Mark answered the phone and I spoke. I told him I was in rehab, would be discharged soon, and would need home care to help me out around the house – a common request. “Tell me about yourself,” he asked. “Both my hands and legs were amputated, so I need help doing some everyday activities and transportation to therapy appointments.” I spoke calmly in a relaxed tone. I shared this information frequently, but he seemed surprised to hear it all the same. “Debra, please tell me more,” he requested.
I don’t have hands!
About a year and a half ago, I was as healthy as the next person. I liked to exercise and eat well but came down with a common cold. It progressed into strep throat and then sepsis! Blood flow to my extremities stopped and they soon turned black. The doctors explained that to save my life, they would have to amputate both hands and both legs. “You’ll have heart problems, lung damage, and brain damage,” they continued. Surgery was scheduled immediately.
I’m lucky to be alive.
The surgery was successful and I’m alive today because of it. I awoke and assessed the situation. My brain was clear, I was breathing normally, and I felt fine…. but different. I looked down to see the bandages covering the areas where hands and legs were hours earlier. They were gone! Devastating! Where to begin? What do I do in the next 5 minutes? 5 weeks? 5 years? Confusion covered me. Questions flooded in. How do I do this? Minutes then hours passed in a blur but slowly and quietly a small sense of calm crept in. I was alive! and the doctors explained my heart, lungs, and brain appeared to be functioning normally. That was good news, and I needed some of that right about now. Gratitude. I was soon left alone, just me and my thoughts. I covered a lot of ground mentally and emotionally and after a while, a movie quote came to me. In the movie Shawshank Redemption, the character Andy says…
“I guess it comes down to a simple choice really. Get busy living or get busy dying.”
A simple choice really. Not easy, but simple. Choose a path. Choose life and get busy living or stay in self-pity and just exist while waiting to die. None of us can imagine making that decision unless we’ve experienced a similar situation. You may know someone who is fighting ALS, MS, paralysis, or some other devastating diagnosis from illness or accident and has lost the use of their legs. It’s more common to see or think about someone who can’t walk anymore. We just have more exposure to that. But our hands?! Think about it for a minute. How many things do we use our hands for? Virtually everything!
I began my new life with no hands and no legs. They fitted me with prosthetic legs, one with a battery and motor for my left leg amputated above the knee, and I started learning to ambulate with my two new legs. Doctor’s appointments, therapy, and rehabilitation was the new world and I reflected on the movie line often. Small and simple tasks took longer and were much more difficult, but I pressed on. I experienced looks of surprise, pity, even fear when in public and I recited the line again and again. This was my new life and I was embracing it with all its new challenges. At one of my doctor appointments, the doctor asked if I had heard about hand transplants. “Wait. What? That’s a thing?” The doctor referred me to a specialist who referred me to another where I learned I was a candidate. Wow! Might this actually be possible?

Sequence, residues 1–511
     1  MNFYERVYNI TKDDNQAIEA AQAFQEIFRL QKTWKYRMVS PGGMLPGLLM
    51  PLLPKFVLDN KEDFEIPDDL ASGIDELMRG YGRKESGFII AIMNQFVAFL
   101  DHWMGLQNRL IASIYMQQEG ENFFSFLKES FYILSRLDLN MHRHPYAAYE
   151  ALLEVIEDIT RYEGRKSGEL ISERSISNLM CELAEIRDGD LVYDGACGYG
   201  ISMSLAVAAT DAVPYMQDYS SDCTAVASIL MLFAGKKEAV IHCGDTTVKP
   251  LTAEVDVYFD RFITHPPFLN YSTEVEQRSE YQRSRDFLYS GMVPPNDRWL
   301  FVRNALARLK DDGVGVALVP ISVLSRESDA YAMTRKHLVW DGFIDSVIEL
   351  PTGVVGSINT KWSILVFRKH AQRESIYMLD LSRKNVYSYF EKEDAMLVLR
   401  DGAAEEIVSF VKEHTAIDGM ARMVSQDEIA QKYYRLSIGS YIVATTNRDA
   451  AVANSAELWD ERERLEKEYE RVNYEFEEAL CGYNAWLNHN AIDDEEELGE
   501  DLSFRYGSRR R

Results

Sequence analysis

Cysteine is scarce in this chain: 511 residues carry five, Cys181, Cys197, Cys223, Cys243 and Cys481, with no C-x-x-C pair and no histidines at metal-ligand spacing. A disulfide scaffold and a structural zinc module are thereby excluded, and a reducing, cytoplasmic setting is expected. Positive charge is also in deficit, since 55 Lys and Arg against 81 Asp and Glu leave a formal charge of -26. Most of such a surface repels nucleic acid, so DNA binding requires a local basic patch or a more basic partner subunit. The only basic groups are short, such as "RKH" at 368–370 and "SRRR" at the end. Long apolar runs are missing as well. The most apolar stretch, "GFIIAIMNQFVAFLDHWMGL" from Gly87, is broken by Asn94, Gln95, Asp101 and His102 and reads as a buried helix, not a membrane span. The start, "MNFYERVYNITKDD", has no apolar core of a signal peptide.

I saw this video of a girl who was deaf since birth and through technology, heard their voice for the first time. It’s so emotional and moving. https://www.youtube.com/watch?v=LsOo3jzkhYA.
Imagine getting your hands again! Every day since the surgery has been a mountainous challenge for Debra, but she’s now getting hands to make the mountains a little smaller. She still faces difficulties; the nerves must successfully grow back and there is a long road of intensive hand therapy to learn how to use her new hands.
I can’t imagine how difficult her journey has been to this point, how emotionally drained and frustrated she must have been throughout each day. Yet each time she’s spoken with me, she is warm, even toned, and naturally curious and inquisitive. She isn’t in denial nor is she an impatient tyrant. She’s just like you and me. She enjoys meeting people, is kind to others, demonstrates patience, and values her life. She attributes her “good life,” despite limitations, to attitude, perspective, and Shawshank Redemption. That’s what makes her life more than bearable. She’s thankful to be alive and grateful for two new hands.
When you put things in proper perspective, you see things differently, better, correctly. Debra says her perspective has shifted and that has made all the difference for her. Her attitude about perspective is backed by science. Please come back for our next post where we discuss how each of us can frame our world and circumstances in a more positive and helpful way.
If you or an aging loved one are considering non-medical in-home care in Raleigh, NC, call Griswold Home Care
and speak to one of our caring staff members today. Call (919) 229-8944